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Environmental Justice Office Could be Shuttered by Proposed EPA Cuts

In its proposed 2018 spending bill, Congress could scrap the EPA office charged with addressing racial and income disparities in environmental protections.

An oil refinery looms over Port Arthur, TX. People of color are nearly twice as likely as white Americans to live within a fenceline zone of an industrial facility.

An oil refinery looms over Port Arthur, TX. People of color are nearly twice as likely as white Americans to live within a fenceline zone of an industrial facility.

Eric Kayne for Earthjustice

Now that Congress is in full swing after its summer recess, its members are deciding on whether to move ahead with deep cuts to the Environmental Protection Agency in the proposed 2018 spending bill. Lawmakers bought themselves a little more time this week with a temporary extension of the current budget, but a decision must happen soon.   

One of the EPA cuts would completely defund the Office of Environmental Justice (OEJ). The EPA established this office in 1992 to address racial and income disparities in environmental protections. Scrapping funding for the environmental justice program is entirely inadequate given the complex environmental justice challenges facing communities across the country.

OEJ has distributed $24 million in grants to 1,400 communities, providing valuable seed money for infrastructure, cleanup and revitalization efforts that change lives across the country. Along with the tireless efforts of grassroots community groups, the office’s work has helped push the agency to begin considering environmental justice impacts in its approach to regulation.

Explore this interactive map to see programs funded by the Office of Environmental Justice.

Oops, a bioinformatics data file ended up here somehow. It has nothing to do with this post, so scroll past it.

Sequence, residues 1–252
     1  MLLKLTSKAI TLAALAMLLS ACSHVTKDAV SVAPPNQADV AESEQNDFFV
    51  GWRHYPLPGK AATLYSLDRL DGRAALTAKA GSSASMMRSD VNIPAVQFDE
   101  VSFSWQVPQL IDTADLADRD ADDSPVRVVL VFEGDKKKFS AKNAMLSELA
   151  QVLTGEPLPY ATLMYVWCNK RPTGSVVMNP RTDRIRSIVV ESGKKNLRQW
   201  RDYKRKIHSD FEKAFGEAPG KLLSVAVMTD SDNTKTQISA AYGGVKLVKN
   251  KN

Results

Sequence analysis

Explore this interactive map to see programs funded by the Office of Environmental Justice.
Environmental Protection Agency

Closing the office and backtracking on this work would worsen the present injustices. As of now, people of color are nearly twice as likely as white Americans to live within a fenceline zone of an industrial facility. Water contamination, toxic chemical exposure, air pollution and the impacts of climate change all have outsized effects on already overburdened  communities and receive significantly less media and government attention than when these hazards fall on wealthier white counterparts.

In July, the House Appropriations Committee approved the 2018 spending bill for the EPA that cuts $506 million from its budget. The reductions will further jeopardize our nation’s land, air and water protections. It slashes crucial EPA programs, including state grantmaking programs, Puget Sound and Chesapeake Bay cleanups, and funding for regulatory enforcement. The bill set up provisions to delay implementation of EPA’s 2015 ozone standard and to expedite Trump’s efforts to repeal the Clean Water Rule, among others.

As for the Office of Environmental Justice, the bill states: “Environmental justice will continue to be supported in the work done at the EPA, when applicable. Environmental justice work impacting the entire state agency will be incorporated into future policy work within the Integrated Environmental Strategy program, which is a part of the EPA’s Office of the Administrator.”

The federal priority on environmental justice was codified  in 1994 by Executive Order 12898, signed by President Clinton, which required all agencies to “identify and address the disproportionately high and adverse human health or environmental effects of their actions on minority and low-income populations, to the greatest extent practicable and permitted by law.”

Complying with EO 12898 will be a tremendous challenge for the EPA without the guidance and partnerships of the Office of Environmental Justice. Dismantling the Office of Environmental Justice and its funding programs while reducing state and federal ability to enforce environmental regulations will leave our most vulnerable communities severely under-resourced and more impacted by increased pollution.

Earthjustice will stand by communities left behind by this ill-conceived budget and will continue to work with our partners to fight for stronger environmental protections. Our Policy and Legislation team has been engaging with members of Congress around improving funding levels and blocking the numerous anti-environment policy riders that were included in the budget bill.

You can support Earthjustice and our partners by contacting your representatives and telling them to fulfill their duty to fund our government agencies. While it’s difficult to predict what the final budget will look like, it’s critical that we stand up to defend EPA’s lifesaving programs every step of the way. 

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